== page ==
Breaking Vegas (2004)





Critic Consensus: No consensus yet.

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Movie Info

Recalling how MIT students formed a blackjack team and used mathematics to win millions gambling in Las Vegas in the early 1990s. Included: an interview with author Ben Mezrich ("Bringing Down the House").
Documentary , Drama , Special Interest , Television
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In Theaters:
History Channel, The


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Critic Reviews for Breaking Vegas

All Critics (1)

Interessante e didático, este documentário perde-se apenas pela forma burocrática com que lida com o material e pelas encenações capengas (o 'Sr. M' fictício é ridículo).

September 12, 2005
Cinema em Cena

Audience Reviews for Breaking Vegas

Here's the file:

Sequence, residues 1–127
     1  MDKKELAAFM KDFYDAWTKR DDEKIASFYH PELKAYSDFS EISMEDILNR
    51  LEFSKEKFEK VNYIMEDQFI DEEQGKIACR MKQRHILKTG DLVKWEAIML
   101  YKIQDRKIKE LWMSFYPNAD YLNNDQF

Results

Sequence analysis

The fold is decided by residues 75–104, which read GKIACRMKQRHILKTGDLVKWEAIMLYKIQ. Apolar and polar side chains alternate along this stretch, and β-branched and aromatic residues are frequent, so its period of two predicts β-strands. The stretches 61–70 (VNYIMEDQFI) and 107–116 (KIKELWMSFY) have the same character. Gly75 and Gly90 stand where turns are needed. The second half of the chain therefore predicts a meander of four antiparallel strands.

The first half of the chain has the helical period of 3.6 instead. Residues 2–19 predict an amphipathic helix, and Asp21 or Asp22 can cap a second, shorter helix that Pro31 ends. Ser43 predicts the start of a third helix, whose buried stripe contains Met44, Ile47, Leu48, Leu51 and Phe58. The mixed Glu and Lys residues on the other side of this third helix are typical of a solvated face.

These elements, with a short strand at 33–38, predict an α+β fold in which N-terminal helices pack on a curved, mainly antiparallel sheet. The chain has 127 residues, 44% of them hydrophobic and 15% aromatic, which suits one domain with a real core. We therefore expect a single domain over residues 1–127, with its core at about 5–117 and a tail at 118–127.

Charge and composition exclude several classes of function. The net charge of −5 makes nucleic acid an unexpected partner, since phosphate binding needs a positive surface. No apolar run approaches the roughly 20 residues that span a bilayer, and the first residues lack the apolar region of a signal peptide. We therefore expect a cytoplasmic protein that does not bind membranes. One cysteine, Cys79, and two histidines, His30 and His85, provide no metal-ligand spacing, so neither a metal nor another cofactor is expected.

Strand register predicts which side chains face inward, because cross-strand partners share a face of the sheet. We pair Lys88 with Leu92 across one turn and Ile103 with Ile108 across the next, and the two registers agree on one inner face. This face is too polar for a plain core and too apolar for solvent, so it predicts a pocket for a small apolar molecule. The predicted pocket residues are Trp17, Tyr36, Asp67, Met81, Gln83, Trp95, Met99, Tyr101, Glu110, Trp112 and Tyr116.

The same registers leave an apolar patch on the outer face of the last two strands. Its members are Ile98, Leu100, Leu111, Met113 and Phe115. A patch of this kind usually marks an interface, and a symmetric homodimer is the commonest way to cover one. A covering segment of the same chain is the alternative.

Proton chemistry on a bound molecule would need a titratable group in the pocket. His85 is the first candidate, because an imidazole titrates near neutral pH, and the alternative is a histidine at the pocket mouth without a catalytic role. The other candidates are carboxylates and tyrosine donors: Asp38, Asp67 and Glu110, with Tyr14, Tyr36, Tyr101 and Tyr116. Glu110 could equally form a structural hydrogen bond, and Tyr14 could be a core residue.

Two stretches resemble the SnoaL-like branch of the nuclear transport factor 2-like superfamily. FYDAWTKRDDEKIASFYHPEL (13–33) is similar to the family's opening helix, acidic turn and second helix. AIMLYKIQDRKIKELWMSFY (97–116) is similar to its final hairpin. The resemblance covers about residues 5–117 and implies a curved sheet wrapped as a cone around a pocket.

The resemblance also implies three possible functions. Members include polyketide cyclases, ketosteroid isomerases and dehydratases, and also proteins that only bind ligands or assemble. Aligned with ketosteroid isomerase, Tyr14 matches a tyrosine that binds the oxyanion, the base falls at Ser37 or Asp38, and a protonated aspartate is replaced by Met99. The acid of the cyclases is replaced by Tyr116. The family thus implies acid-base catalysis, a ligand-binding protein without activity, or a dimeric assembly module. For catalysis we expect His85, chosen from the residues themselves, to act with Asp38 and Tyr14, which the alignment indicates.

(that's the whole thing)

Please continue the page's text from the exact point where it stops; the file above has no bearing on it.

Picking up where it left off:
A 2004 ninety-minute factual documentary regarding the events upon which the far-less factual 2008 film "21" was supposedly based. An MIT professor forms a corporation to beat blackjack, a team of card-counting students is trained, and they rake Vegas for millions. Soon enough, the team is demanding a bigger cut of the action, the casinos start catching on, and an old-school casino loss prevention agent is unrelentingly dogging them. Unlike "21," the viewer here meets, sees and hears the actual individuals involved in these events, including the MIT professor, a number of MIT team members and the casino agents. Also commenting is Ben Mezrich, the author of the book that inspired both this documentary and "21." And professor Edward O. Thorp, who devised card-counting in the 1960s, appears to tell his story. This documentary is not anywhere near as drama-pumped or glitzed up as "21" is. However, it does tell the viewer exactly how card-counting and teaming works (a topic barely touched on in "21"), does provide first-person recollections about how it all 'really went down,' and does epilogue what happened to these people afterward. The viewer will learn, for instance, where he/she can today take a seminar or buy a DVD about card-counting from the MIT team leader. In contrast, "21" tells the viewer the MIT team leader got "back-roomed" (eg, roughed up), set up the MIT professor, ended up broke - and a lot of other rot that is nothing but Hollywood pulp. The disc also includes another 90-minute documentary, "High Rollers: A History of Gambling in America" as an extra. RECOMMENDATION: If the viewer wants to learn more about the actual facts & events surrounding the MIT blackjack team, this documentary is the ticket.

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